Lawmakers want posthumous Gold Medal for Chisholm
by Benjamin Fang
Nov 07, 2018 | 2414 views | 0 0 comments | 157 157 recommendations | email to a friend | print
On November 5, 1968, Shirley Chisholm of Brooklyn was elected to the House of Representatives, shattering an important barrier.

She became the first African-American woman elected to Congress.

Throughout her 14-year tenure in Washington, Chisholm rose through the ranks to become a national icon and trailblazing leader. She ran for president as a Democrat in 1972, becoming the first African-American major party candidate to make a presidential bid.

After she retired in 1982, Chisholm was honored throughout Brooklyn and Washington. A state office building in Fort Greene was named after her a decade ago. A post office in Bedford-Stuyvesant, a neighborhood she represented, was renamed in her honor.

She even posthumously received the Presidential Medal of Freedom in 2015 from President Barack Obama.

But she has never been honored fully by the House of Representatives, which New York lawmakers hope to change.

On Monday, members of the New York Congressional Delegation, led by Congressman Hakeem Jeffries, announced legislation to posthumously award Chisholm the Congressional Gold Medal, the highest honor that can be given by Congress.

According to Jeffries, the bill already has more than 50 co-sponsors and has bipartisan support.

“Shirley Chisholm was a dynamic trailblazer, a voice for the voiceless,” he said, “a champion for children and families and a tremendous defender of social and economic justice.”

The Brooklyn congressman noted that when she ran for president in 1972, her theme was “Catalyst For Change.” Though she did not win, her push for change came to fruition in 2008, he said, with the breaking of another barrier.

“Shirley Chisholm got it started, and Barack Obama finished the job,” he said.

When Chisholm retired in 1982, the political class wondered who was the “rightful heir” to her legacy in Brooklyn. Her district was split in two, and two Brooklyn political giants, Ed Towns and Major Owens, were elected.

Towns served for 30 years in Congress, and Owens served 24 years. Owens was eventually replaced by Congresswoman Yvette Clarke, and Jeffries succeeded Towns.

“Yvette Clarke and I have concluded that Shirley Chisholm was such a bad sister, it took two members of Congress to replace her,” Jeffries said. “We’re proud to stand on her shoulders.”

Clarke said Chisholm’s trailblazing ways left a path for women like her to run. In 2018, more than 400 black women throughout the nation are running for public office, she said.

The congresswoman explained that the Congressional Gold Medal is the “highest expression of gratitude for distinguished service and achievement.”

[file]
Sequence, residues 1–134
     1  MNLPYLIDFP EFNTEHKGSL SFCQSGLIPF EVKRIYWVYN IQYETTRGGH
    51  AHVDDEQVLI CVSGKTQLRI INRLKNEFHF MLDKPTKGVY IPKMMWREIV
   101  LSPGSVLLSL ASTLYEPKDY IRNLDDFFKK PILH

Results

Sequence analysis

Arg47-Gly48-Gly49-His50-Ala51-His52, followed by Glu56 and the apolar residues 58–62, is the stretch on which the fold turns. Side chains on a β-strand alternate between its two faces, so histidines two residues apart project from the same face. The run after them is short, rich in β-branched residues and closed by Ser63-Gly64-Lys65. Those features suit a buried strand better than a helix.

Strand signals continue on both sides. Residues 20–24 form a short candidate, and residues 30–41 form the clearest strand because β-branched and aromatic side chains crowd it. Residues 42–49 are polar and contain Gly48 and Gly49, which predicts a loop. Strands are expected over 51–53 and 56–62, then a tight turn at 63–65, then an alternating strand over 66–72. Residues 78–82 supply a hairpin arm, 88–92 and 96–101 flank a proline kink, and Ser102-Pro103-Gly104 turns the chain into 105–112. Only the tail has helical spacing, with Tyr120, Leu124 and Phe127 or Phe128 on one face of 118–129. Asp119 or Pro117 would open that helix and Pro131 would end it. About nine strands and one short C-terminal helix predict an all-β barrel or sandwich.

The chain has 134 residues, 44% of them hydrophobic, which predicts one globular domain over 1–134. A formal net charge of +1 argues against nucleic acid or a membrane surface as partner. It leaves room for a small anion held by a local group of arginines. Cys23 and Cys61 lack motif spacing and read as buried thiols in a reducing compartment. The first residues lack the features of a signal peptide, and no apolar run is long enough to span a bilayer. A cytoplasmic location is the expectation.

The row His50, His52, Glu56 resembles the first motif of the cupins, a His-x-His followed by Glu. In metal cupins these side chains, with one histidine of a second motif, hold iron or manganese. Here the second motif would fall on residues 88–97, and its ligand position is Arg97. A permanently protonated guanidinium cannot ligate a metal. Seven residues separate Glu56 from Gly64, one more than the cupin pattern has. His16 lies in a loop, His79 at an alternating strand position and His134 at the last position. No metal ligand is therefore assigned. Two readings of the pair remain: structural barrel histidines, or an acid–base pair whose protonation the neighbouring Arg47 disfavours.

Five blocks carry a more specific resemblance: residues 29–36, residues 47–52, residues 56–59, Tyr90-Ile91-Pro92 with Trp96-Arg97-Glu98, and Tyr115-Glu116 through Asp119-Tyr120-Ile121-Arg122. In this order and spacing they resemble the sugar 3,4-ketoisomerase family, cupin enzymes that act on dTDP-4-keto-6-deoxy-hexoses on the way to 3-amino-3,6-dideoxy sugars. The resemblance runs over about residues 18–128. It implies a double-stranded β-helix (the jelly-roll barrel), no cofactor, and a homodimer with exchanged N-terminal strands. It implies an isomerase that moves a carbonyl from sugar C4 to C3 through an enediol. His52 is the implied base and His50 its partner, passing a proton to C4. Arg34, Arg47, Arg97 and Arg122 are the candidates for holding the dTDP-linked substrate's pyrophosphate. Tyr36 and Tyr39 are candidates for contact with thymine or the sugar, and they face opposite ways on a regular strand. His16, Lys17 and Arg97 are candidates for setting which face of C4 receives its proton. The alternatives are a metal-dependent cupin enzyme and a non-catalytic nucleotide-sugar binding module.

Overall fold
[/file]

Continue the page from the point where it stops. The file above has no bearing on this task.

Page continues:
“To be honest, I can’t think of anyone who is more suited or deserves it more than the honorable Shirley Chisholm,” she said.

Chisholm, also the first Caribbean-American to serve in Congress, was the only female founder of the Congressional Black Caucus. She was not only a member of the Education and Labor Committee, but was also the first black woman to serve in the powerful House Rules Committee.

According to Clarke, Chisholm introduced more than 50 pieces of legislation in her seven terms. Some of her accomplishments include creating nutrition assistance programs, expanding health care services, increasing the minimum wage, and the passage of Title IX.

In January, Clarke introduced legislation that would direct the Joint Committee on the Library to find a place for a statue of Chisholm in the U.S. Capitol. The bill has 70 sponsors in the House and 16 sponsors in the Senate, where it is being carried by California Senator Kamala Harris.

“Shirley Chisholm reminds us that if they don’t give you a seat at the table, bring a folding chair,” Clarke said. “Fifty years later, her folding chair has altered the course of our nation’s history for the better.”

Congresswoman Carolyn Maloney, who represents parts of Manhattan, Brooklyn and Queens, remembered going to Washington to see Chisholm when she was a young teacher fighting budget cuts.

Maloney also worked with Chisholm politically in 1980, when her boss, former State Senate Minority Leader Manfred Ohrenstein, and Chisholm were heads of the delegation for the 1980 Democratic Convention. They supported Ted Kennedy for president over incumbent Jimmy Carter.

The congresswoman also added that Chisholm was a poet, and would always start congressional delegation meetings by reciting a poem she had written.

“She is a household name,” Maloney said. “She’s an American heroine, a woman who broke down barriers, defied expectations, blazed a path.”

Queens and Bronx Congressman Joseph Crowley said when Chisholm was first elected to Congress, she was not treated with the utmost respect. She was assigned the Agriculture Committee, which many from New York City could have seen as a slight.

But she took the assignment and “turned lemons into lemonade,” Crowley said. Chisholm used her position to champion nutrition assistance programs that were not only important for her constitutions, but for poor people across the country.

“She was no one’s fool,” he said. “She proved that she was more than up to the test.”

Lawmakers believe that’s why Chisholm is deserving of the Congressional Gold Medal, whose first recipient was George Washington.

“Shirley Chisholm won’t be the last, but she deserves no less,” Crowley said.
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